Mike Simonsen — How Do You ‘Hack’ Happiness?
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Today’s show is about hacking happiness, fulfillment, and connection for both yourself and your team. Our special guest has generated terrific business results by digging deep into something so simple, but complex: happiness.
Mike Simonsen is the Co-founder and CEO of Altos Research, a company that analyzes real estate markets in real-time. Mike is also a Board Member for the San Francisco chapter of the Entrepreneurs’ Organization.
In 2001, Mike bought his own house in Silicon Valley. It was overpriced, the mortgage was ridiculous, and the NASDAQ was going crazy. Mike started building models based on the data he had about the U.S. real estate market to better help him understand what was going on. Realizing he had collected more data about this industry than even the financial institutions, he started his company in 2006 to help anyone with an interest in real estate.
What exactly does it mean to ‘hack’ happiness? Mike noticed himself getting into a funk. He was feeling uninspired and just getting lazy in his business, and he wanted to get out of it… he wanted to feel inspired again.
During his research, he discovered nine pillars that would help him feel connected and happy again. He tried it on himself and discovered something amazing — he had a really good year in 2018, both professionally and personally. In fact, It wasn’t just a ‘good’ year, it was actually the best year he’s ever had.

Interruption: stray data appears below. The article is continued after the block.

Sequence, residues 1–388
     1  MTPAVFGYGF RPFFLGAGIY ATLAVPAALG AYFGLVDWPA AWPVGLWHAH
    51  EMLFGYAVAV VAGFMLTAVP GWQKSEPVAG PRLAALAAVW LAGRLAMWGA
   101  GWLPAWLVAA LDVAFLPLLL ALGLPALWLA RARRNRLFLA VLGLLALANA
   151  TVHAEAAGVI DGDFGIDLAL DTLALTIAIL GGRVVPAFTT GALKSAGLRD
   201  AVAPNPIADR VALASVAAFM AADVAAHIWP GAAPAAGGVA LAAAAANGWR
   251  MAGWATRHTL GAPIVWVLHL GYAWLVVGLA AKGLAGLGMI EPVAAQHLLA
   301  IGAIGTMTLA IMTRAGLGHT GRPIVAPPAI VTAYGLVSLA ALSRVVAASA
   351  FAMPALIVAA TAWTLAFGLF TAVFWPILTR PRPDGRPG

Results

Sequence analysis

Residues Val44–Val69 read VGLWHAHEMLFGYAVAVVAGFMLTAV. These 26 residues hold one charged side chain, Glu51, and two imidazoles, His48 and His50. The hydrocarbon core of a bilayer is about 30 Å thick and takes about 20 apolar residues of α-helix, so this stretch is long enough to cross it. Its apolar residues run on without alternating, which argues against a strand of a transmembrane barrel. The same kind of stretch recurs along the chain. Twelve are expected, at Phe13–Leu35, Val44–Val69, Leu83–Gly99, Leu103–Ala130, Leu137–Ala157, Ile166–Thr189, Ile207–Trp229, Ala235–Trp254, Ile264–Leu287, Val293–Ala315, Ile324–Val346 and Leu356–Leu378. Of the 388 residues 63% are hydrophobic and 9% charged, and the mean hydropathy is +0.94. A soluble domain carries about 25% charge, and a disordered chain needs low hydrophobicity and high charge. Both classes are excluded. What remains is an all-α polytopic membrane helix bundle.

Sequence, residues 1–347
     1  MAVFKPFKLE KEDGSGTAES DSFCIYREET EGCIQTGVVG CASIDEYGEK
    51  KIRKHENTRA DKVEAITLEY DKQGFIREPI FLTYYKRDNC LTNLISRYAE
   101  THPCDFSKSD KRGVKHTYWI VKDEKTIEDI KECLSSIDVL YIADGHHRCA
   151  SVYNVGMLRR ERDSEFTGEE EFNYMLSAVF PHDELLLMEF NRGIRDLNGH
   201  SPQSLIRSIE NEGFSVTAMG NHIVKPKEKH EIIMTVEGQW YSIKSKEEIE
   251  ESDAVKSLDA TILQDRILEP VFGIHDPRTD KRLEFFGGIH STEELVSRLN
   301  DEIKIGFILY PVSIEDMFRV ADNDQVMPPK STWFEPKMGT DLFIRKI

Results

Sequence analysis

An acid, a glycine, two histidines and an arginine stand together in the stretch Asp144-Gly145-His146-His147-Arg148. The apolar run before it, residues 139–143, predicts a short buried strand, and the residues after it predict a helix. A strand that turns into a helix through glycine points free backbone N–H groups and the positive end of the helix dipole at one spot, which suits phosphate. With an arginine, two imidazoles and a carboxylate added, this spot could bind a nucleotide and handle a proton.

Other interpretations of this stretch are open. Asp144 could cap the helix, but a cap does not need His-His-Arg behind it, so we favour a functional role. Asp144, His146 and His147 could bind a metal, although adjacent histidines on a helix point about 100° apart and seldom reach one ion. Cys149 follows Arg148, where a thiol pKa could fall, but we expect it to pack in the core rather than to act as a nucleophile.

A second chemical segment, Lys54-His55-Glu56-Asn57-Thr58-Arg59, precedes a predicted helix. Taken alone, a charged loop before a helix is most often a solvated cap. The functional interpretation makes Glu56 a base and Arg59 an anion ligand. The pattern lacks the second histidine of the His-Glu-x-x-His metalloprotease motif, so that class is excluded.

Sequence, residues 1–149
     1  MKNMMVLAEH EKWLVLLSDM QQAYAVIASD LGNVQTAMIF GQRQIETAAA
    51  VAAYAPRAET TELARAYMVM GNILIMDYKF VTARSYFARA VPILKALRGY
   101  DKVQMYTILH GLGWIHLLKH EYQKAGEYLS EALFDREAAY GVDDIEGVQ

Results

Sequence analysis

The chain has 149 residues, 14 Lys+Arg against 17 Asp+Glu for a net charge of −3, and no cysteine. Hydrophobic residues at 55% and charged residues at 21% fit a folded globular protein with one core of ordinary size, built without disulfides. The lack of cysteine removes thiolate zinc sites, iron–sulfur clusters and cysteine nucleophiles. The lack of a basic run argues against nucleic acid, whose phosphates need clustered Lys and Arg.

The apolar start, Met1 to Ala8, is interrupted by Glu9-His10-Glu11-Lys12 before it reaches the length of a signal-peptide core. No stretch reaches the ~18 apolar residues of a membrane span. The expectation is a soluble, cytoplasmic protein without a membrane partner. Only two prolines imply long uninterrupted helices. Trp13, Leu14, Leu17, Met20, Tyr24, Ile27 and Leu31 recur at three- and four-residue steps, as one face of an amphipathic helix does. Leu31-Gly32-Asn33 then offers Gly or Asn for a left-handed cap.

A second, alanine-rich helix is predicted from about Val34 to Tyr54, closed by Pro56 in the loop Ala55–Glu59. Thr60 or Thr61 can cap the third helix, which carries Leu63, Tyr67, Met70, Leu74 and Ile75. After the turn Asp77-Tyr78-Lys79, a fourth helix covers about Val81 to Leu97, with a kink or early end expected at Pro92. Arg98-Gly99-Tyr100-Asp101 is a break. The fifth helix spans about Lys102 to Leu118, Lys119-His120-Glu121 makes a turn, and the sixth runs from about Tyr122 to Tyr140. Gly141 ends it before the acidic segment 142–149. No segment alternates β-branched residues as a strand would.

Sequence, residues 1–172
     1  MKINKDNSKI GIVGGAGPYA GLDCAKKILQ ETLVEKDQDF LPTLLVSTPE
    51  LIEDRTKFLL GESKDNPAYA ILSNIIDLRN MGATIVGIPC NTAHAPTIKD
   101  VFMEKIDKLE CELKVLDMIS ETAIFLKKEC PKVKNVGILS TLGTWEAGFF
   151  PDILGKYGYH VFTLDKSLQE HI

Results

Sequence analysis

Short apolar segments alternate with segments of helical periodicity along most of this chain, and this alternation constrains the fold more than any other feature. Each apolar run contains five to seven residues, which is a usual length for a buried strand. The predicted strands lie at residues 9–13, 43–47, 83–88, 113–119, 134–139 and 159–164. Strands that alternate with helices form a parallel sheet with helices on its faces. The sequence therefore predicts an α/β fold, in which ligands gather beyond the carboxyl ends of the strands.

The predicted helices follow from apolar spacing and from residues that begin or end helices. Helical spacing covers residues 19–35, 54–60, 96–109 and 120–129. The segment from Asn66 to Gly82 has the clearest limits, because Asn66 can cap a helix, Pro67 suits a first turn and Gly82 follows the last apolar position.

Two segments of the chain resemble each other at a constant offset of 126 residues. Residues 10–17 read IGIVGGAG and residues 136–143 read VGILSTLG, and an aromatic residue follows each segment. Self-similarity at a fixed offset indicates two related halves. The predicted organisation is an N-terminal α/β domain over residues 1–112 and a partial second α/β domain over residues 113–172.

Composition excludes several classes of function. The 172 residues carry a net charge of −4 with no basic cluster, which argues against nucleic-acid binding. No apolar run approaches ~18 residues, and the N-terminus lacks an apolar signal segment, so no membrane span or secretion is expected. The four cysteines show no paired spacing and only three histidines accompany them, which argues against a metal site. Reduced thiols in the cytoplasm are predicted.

What did he do? Well, first, he changed the way he tackles stress. Typically, when Mike gets stressed, he starts to avoid things. So when Mike noticed he was getting stressed, he decided to meditate, which immediately drops cortisol (stress) levels. After three months of meditation, there were positive changes in his physical tests.
Second, he stopped putting goals down because he would routinely never complete them. Instead, he put measurements in place so he could track his progress and he also set a schedule for himself so he made sure he’d do that thing. This took an enormous amount of pressure off of him.
Third, Mike wanted to boost up his serotonin and oxytocin (joy/happiness) levels, because it’s much more sustainable than dopamine (reward). He did this by recording his moments of joy. This gave him the opportunity to remember all the positives that have happened in his day. He would also journal his negative emotions down because it gave all this pent up energy an ‘out.’